Also unveiling a product to add ink functionality to .Net is Bluewire Technologies, with its BluewireInk product. Supporting Tablet PC, It is designed specifically for use within Web applications targeted at Internet Explorer. It is priced at US$100 per developer.
Colligo Networks launched Colligo Workgroup Edition 4.0 at the Microsoft Windows Anywhere conference. The software enables mobile teams to connect to Windows-based laptops, Tablet PCs, and Pocket PCs via peer-to-peer networks and then share data and communicate. New features include secure folder and printer sharing, instant Wi-Fi networking, archiving of transaction logs on chats, enhanced security including IPSec, and an improved user interface.
Colligo Workgroup Edition 4.0 ships at the end of the month for US$99.99 retail.
Data Dynamics Ltd. announced the upcoming release the ActiveReports for .Net 2.0 reporting tool and SharpGraph for .Net, which provides support for graphics. New features in Version 2.0 of ActiveReports include a chart control, page thumbnails in the Windows viewer control, HTML support, and enhanced table support in the RichTextBox control.
DBI Technologies Inc. announced the release of Calendar Tools 2.0 for .Net, which integrates with Microsoft Visual Studio .Net 2003 to provide calendar and appointment scheduling functionality to software, DBI said.
Calendar Tools features a foundation called "Collaborative Data Framework," which manages data communications and presentation settings for calendar and scheduling controls. Version 2.0 for .Net is shipping now.
Eiffel Software announced availability of EiffelStudio 5.6, which is a Windows-compliant IDE, and EiffelVision, a plug-in for Visual Studio .Net 2003 for developing Eiffel projects. Both are based on the Eiffel programming language, which features a "Design by Contract" mechanism for Web service developers and also can be used for Smart Client development.
Infragistics said it is shipping NetAdvantge 2005 Volume 1, a toolset for developing commercial-grade user interfaces for Microsoft Windows Forms, ASP.Net, Tablet PC, and Com. Among the new features are Windows forms printing featuring PrintPreview and Thumbnail view and new Forms elements. The product has an introductory manufacturer's suggested retail price of US$495.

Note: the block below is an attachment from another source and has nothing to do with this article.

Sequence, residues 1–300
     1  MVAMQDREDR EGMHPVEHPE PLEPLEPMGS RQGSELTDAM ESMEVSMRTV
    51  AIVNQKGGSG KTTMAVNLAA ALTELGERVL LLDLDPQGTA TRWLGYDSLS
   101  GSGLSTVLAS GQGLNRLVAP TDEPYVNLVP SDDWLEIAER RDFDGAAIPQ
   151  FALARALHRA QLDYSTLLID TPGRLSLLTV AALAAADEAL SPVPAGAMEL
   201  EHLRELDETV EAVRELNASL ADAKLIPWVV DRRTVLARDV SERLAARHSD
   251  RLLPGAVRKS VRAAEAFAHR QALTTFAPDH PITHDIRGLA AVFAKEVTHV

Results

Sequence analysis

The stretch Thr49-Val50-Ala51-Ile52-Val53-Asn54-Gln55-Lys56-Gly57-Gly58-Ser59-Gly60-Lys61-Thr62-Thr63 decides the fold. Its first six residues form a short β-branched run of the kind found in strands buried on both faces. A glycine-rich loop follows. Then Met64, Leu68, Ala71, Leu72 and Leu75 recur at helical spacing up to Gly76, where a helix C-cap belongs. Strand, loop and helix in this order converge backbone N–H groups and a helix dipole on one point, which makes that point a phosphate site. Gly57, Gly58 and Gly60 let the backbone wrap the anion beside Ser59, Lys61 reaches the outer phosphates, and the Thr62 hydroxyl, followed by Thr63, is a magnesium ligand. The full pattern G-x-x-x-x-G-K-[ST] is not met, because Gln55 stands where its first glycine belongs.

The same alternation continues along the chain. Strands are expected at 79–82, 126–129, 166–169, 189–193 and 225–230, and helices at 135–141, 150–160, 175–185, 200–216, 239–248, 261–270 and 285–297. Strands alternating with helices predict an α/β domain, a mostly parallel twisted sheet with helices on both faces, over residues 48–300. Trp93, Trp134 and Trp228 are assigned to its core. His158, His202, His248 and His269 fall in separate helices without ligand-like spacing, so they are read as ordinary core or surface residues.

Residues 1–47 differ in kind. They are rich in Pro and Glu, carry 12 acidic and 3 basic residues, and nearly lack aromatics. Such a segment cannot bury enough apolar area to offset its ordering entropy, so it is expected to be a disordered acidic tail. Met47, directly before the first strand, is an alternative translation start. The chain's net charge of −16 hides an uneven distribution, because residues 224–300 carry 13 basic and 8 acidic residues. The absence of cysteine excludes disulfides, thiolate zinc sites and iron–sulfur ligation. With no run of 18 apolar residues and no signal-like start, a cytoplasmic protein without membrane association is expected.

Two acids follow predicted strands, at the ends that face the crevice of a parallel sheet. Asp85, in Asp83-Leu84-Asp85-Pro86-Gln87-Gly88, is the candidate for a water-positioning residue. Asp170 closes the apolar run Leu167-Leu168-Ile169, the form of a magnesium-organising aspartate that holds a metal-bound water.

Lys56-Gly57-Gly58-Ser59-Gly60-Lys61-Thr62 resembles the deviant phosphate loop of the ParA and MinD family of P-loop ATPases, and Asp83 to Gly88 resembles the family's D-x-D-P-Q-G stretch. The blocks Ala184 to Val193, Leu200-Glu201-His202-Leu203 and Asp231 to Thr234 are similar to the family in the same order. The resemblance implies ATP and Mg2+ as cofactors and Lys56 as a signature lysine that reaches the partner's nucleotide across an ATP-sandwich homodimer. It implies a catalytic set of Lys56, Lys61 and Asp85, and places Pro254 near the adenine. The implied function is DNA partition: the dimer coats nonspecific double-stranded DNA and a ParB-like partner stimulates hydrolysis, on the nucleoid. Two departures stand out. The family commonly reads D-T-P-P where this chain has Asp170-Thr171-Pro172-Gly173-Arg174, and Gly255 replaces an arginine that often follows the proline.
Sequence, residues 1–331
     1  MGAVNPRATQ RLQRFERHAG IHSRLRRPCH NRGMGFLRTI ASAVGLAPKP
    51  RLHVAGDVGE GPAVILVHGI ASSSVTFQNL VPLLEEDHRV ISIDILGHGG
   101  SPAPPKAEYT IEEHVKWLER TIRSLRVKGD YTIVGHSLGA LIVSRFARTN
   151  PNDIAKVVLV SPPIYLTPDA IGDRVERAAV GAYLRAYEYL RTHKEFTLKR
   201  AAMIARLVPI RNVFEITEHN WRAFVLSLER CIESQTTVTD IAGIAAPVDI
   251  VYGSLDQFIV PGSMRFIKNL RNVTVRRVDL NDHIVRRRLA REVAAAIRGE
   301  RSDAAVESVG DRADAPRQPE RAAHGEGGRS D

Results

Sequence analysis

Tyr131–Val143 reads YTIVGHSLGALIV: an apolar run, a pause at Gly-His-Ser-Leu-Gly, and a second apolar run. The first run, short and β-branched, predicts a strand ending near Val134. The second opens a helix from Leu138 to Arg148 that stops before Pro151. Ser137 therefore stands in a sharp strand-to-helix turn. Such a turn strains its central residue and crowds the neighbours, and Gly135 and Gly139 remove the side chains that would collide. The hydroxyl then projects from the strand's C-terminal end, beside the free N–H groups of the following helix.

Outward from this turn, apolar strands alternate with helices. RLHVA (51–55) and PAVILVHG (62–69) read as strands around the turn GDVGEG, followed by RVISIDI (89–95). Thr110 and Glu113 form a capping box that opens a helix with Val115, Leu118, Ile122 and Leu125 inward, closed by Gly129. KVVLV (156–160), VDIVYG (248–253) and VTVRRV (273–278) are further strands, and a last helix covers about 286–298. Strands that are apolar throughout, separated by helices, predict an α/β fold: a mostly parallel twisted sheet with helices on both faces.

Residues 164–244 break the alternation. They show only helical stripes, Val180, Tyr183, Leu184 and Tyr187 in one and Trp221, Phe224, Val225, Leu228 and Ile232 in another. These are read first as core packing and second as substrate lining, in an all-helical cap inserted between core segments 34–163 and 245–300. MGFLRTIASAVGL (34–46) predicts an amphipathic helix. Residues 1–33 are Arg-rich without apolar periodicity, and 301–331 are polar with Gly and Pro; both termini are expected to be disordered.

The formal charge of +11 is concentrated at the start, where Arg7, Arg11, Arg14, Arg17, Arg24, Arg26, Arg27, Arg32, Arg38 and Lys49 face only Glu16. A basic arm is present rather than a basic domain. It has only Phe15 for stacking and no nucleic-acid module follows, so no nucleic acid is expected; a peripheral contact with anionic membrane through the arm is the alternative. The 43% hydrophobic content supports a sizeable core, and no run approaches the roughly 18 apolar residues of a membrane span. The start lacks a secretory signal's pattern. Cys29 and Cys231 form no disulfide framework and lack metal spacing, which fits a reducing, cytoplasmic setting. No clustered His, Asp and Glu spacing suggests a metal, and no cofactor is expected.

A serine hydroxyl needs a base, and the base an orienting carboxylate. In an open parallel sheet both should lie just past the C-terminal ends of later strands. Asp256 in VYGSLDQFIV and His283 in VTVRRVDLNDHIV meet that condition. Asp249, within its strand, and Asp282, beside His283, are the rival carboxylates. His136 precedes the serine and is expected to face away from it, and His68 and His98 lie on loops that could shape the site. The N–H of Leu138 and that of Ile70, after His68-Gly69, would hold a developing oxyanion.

Kinitos Inc. releasd Version 1.6 of the Kinitos application management solution for .Net Framework-based client applications. Users can deploy, monitor, and update Windows Forms and smart client applications
Lush Group Inc. unveiled Mobile Data Collector Suite for the Tablet PC, a system for defining forms, collecting data in the field, and reporting results. The product uses the .Net framework and XML Web services to pass information between systems.
Nolics said it has just released Nolics.net 2.1, a tool for Visual Studio 2003 that allows developers to build database applications by using objects. The new version has been redesigned for ease of use. A license for a single workstation costs about US$600.
/n software released a suite of secure communications adapters for Microsoft BizTalk Server 2004. The /n software BizTalk Server 2004 Adapters includes functionality for EDI, secure messaging, and FTP and SFTP secure file transfer capabilities.
Sax Software Corp. announced Sax.net CommStudio, a set a components and visual debugging tools to integrate remote systems and devices with Visual Studio .Net 2003. The package is available now at a suggested retail price of US$999 for a one-year subscription.
Softwire Technology announced that its Softwire package for easily building .Net Framework applications is available free of charge. The product is intended to assist those with no formal training in a Microsoft programming language. Users select GUI controls required for their application from more than 200 that are provided.